- The Washington Times - Thursday, January 8, 2015

A complex built for the Afghan National Army by their American counterparts has turned into a money pit for U.S. taxpayers.

According to a report by the Special Inspector General for Afghanistan Reconstruction (SIGAR), the United States has shelled out more than $7.2 million to construct a defective power plant and wasted another $1.3 million building two gas stations that have never been used.

In 2009 the Department of Defense agreed to spend $57.1 million over 5 years building Camp Commando in Kabul, Afghanistan. The complex is intended to house a specials operations headquarters, troop training facilities, military intelligence capabilities and personnel support services.

SIGAR inspectors determined that, even though only two of the four phases of the construction project are complete, Camp Commando is already $3.6 million over budget and mired in missteps.

A primary component of the early stages of Camp Commando construction was the erection of a $7 million power plant to provide electricity to the complex.

By February 2013 the Army Corps of Engineers promised that the power plant was complete, fully operational and performing with no issues. In a site visit 16 months later, however, inspectors discovered that the power plant was plagued with myriad problems. The power plant’s master control panel and switchgear were not functioning properly, and software for synchronizing the generators did not perform correctly.

“As a result,” the SIGAR report determined, “only one of the four primary generators could operate at a time. Further, changing power from one generator to another could not be completed without interruption. Also, since the power changeover could not be done electronically, as required, it had to be completed manually.”

For failing to serve as good stewards of public funds, overseeing shoddy work by contractors being paid by American taxpayers and misleading federal officials about the project, the Army Corps of Engineers has earned this week’s Golden Hammer. The award is presented by The Washington Times to highlight particularly contemptible examples of wasted tax dollars.

The issues left the Camp Commando complex with only 25 percent of the planned total power output available and plagued by interruptions in electrical service.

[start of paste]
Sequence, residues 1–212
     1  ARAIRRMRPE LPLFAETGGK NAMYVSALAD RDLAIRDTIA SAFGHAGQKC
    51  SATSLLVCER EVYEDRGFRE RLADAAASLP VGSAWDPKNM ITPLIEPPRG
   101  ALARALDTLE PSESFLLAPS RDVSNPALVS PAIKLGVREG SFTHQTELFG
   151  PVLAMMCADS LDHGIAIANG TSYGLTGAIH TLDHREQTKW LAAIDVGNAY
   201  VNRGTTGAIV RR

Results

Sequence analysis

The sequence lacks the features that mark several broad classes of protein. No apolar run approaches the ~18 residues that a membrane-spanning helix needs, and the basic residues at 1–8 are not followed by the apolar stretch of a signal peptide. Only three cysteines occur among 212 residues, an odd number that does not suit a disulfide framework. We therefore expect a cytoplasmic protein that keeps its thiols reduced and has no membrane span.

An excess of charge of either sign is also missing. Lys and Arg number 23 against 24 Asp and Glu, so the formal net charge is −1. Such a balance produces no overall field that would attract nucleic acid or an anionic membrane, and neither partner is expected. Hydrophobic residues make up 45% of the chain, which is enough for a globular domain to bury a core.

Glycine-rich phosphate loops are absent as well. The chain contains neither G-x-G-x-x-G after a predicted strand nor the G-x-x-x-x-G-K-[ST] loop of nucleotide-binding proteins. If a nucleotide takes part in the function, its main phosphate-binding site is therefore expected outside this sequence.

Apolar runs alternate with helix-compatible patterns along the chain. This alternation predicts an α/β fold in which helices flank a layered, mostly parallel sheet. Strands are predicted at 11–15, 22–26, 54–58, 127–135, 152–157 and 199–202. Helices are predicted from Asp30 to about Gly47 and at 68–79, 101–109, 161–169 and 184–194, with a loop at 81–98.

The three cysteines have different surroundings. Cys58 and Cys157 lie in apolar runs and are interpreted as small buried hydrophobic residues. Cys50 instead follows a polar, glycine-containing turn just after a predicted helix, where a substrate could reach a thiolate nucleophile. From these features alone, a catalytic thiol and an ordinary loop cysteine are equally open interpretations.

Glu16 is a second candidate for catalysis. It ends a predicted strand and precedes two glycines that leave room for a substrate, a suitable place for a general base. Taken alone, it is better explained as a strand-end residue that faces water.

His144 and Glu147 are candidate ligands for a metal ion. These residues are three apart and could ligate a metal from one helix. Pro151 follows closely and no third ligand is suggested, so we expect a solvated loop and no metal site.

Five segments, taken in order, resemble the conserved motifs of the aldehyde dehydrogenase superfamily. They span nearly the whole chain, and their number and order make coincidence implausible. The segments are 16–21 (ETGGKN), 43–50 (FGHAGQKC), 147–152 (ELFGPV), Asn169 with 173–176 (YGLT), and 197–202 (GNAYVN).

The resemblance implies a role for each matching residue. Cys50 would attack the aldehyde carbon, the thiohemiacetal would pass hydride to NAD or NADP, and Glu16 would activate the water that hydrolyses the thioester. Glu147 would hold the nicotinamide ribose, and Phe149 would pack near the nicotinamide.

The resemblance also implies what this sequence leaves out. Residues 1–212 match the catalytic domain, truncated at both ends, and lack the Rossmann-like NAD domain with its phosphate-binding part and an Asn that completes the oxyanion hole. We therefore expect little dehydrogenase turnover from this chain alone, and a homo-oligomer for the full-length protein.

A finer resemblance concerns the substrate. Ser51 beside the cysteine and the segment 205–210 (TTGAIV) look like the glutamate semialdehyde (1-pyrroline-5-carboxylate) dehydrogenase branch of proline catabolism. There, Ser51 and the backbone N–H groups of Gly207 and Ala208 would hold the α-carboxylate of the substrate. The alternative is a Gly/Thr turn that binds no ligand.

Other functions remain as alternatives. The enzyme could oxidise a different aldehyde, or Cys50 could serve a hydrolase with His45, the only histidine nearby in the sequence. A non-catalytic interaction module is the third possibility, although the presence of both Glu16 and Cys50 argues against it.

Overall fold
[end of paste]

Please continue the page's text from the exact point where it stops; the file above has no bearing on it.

Troops were forced to rely on temporary portable generators — often malfunctioning from age and wear — in order to power the security system vital to protecting the garrison from attacks.

In a letter to SIGAR, Colonel Richard Heitkamp, who serves as the Chief of Staff of the Transatlantic Division of the U.S. Army Corps of Engineers, blamed issues related to the power plant on contractors operating the power plant prior to the inspectors’ arrival.

Mr. Heitkamp also wrote that “documentation on the power plant testing and commissioning was lost, likely due to electronic data storage failure.”

Repairing the nearly new power plant so it could function properly required the better part of six months and cost $243,000, not including the price tag of an additional generator made necessary as a result of the upgrades.

In addition to signing off on the faulty power plant, the Army Corps of Engineers also claimed that a fuel point — an on-site filling station — had been tested and was in use in early 2013. During two separate visits to Camp Commando in 2014, inspectors determined that the fuel pumps at the station “were not operating and had not been tested and commissioned.”

Mr. Heitkamp noted that “testing and commissioning took place,” but the Corps of Engineers “is unable to locate records documenting the precise dates of testing and commissioning either the electrical system or the fuel point dispensers.”

Even though the gas station cost American taxpayers $332,000 to construct, inspectors later determined “the pumps at the fuel point had never been used to fuel vehicles.”

The total abandonment of the fuel point did not prevent contractors from building a second fuel point nearby that was larger and, with a price tag of over $1 million, even more expensive. The second fueling station had been completed but, as of October 2014, had also never been used to refill a single vehicle.

“User error and lingering construction deficiencies have resulted in the underutilization of the facilities constructed as part [of] Camp Commando,” SIGAR officials noted in the report.

Inspectors criticized both the Afghan National Army and the Army Corps of Engineers because “the $7 million plant was delayed in delivering full power for nearly 2 years until repair work was completed,” and “the fuel point does not fully serve its purpose.”

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